Most tourists leave Marseille off their itinerary — it doesn't fit their idea of the French Riviera or of Provence (and they're right). France's oldest and second-biggest city (and Europe's third-largest port) is an untouristy, semi-seedy-but-vibrant city with a history that goes back to ancient Greek times — and challenges you to find its charm. It's a world apart from France's other leading cities, and has only one essential sight to visit (Notre-Dame de la Garde). Here the city is the museum, the streets are its paintings, and the happy-go-lucky residents provide its ambience.
At a Glance
▲▲▲ The Calanques Exotic Mediterranean fjords — with their translucent blue water, tiny intimate beaches, and stark cliffs plunging into the sea. The most famous stretch runs between Marseille and Cassis.
▲▲ Notre-Dame de la Garde Marseille's landmark sight: a huge Romanesque-Byzantine basilica, towering above everything, with panoramic views.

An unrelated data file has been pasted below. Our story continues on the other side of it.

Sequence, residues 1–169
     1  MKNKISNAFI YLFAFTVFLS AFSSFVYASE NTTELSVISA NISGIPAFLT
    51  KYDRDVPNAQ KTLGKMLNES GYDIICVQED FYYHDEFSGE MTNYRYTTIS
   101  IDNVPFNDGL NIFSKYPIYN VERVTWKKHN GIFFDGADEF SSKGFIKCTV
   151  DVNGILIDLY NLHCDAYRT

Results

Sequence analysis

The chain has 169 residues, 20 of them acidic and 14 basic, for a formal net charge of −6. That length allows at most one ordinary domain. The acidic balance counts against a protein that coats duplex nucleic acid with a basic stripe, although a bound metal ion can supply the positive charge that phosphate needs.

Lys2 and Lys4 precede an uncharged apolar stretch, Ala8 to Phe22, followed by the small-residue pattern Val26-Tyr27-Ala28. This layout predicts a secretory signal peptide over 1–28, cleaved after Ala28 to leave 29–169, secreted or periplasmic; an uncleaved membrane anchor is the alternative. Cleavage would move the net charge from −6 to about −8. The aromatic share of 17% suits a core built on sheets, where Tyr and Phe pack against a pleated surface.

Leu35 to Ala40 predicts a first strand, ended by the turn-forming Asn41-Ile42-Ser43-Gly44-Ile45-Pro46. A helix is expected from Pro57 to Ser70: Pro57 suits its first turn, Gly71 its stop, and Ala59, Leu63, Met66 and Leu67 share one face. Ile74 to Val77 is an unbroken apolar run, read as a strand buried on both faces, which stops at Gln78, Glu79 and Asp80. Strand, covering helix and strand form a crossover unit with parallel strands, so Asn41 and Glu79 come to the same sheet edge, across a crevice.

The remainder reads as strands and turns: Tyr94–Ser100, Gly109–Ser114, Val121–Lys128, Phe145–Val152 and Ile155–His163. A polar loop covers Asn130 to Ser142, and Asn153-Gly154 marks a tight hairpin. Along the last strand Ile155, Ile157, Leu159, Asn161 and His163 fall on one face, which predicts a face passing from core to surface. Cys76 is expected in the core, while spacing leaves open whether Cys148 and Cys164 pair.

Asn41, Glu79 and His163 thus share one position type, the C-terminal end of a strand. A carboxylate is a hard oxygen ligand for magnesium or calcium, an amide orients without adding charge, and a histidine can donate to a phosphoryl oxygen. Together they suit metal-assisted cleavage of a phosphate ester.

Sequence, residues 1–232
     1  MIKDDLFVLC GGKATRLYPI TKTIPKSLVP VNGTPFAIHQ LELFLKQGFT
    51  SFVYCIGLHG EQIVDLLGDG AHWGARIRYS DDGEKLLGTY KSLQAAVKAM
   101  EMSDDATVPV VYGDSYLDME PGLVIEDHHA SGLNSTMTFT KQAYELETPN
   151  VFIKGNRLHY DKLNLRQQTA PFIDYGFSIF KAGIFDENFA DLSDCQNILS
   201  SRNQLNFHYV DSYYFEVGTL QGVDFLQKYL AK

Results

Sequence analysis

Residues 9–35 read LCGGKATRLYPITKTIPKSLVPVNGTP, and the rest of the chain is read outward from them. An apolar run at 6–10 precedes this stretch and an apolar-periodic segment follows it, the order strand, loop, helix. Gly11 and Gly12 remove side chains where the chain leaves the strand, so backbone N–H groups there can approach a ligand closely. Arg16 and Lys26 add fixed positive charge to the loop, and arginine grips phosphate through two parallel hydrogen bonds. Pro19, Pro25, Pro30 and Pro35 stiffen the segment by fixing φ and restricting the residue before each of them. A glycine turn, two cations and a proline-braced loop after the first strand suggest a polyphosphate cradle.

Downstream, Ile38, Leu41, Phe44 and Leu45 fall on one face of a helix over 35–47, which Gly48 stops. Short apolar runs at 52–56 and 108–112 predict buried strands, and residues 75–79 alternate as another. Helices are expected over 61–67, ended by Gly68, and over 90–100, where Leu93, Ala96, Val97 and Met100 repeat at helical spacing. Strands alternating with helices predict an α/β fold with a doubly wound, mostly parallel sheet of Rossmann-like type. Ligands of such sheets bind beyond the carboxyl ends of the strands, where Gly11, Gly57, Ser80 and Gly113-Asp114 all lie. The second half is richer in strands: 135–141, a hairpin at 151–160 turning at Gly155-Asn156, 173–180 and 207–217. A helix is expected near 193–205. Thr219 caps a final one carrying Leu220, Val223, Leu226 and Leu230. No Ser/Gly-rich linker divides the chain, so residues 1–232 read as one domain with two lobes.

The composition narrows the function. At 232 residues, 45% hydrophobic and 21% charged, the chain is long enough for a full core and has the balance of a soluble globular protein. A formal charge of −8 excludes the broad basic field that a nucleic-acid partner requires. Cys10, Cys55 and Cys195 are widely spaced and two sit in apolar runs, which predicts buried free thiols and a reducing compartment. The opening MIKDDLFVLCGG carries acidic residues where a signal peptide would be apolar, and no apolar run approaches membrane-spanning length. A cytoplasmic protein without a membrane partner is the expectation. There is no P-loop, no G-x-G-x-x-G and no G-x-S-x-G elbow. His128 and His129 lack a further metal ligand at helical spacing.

▲ Chamber of Commerce Building and Marine Museum Grandiose building with small exhibit on the city's maritime history.
▲ Old Port Economic heart of town, featuring lots of boats and a fish market, all protected by two impressive fortresses.
▲ La Charité Museum Housed in a beautiful building with Celtic, Greek, Roman, and Egyptian artifacts, plus temporary exhibits.
Marseille History Museum Shows off the city's remarkable history with artifacts from Caesar to Louis XIV.
Cathédrale de la Nouvelle Major Impressive striped cathedral with floor and wall mosaics.
Arab Markets Taste of North Africa in downtown Marseille.
Château d'If Island with fortress-turned-prison, featured in Alexandre Dumas' Count of Monte Cristo.
Musée Regards de Provence Mediterranean-centric art and media from the 18th to 21st centuries (in Marseille).
Villa Méditerranée Rotating exhibitions, lectures, films, and forums focused on inspiring understanding between Mediterranean cultures.
Museum of European and Mediterranean Civilizations (MuCEM) Art and artifacts from cultures surrounding the Mediterranean Sea.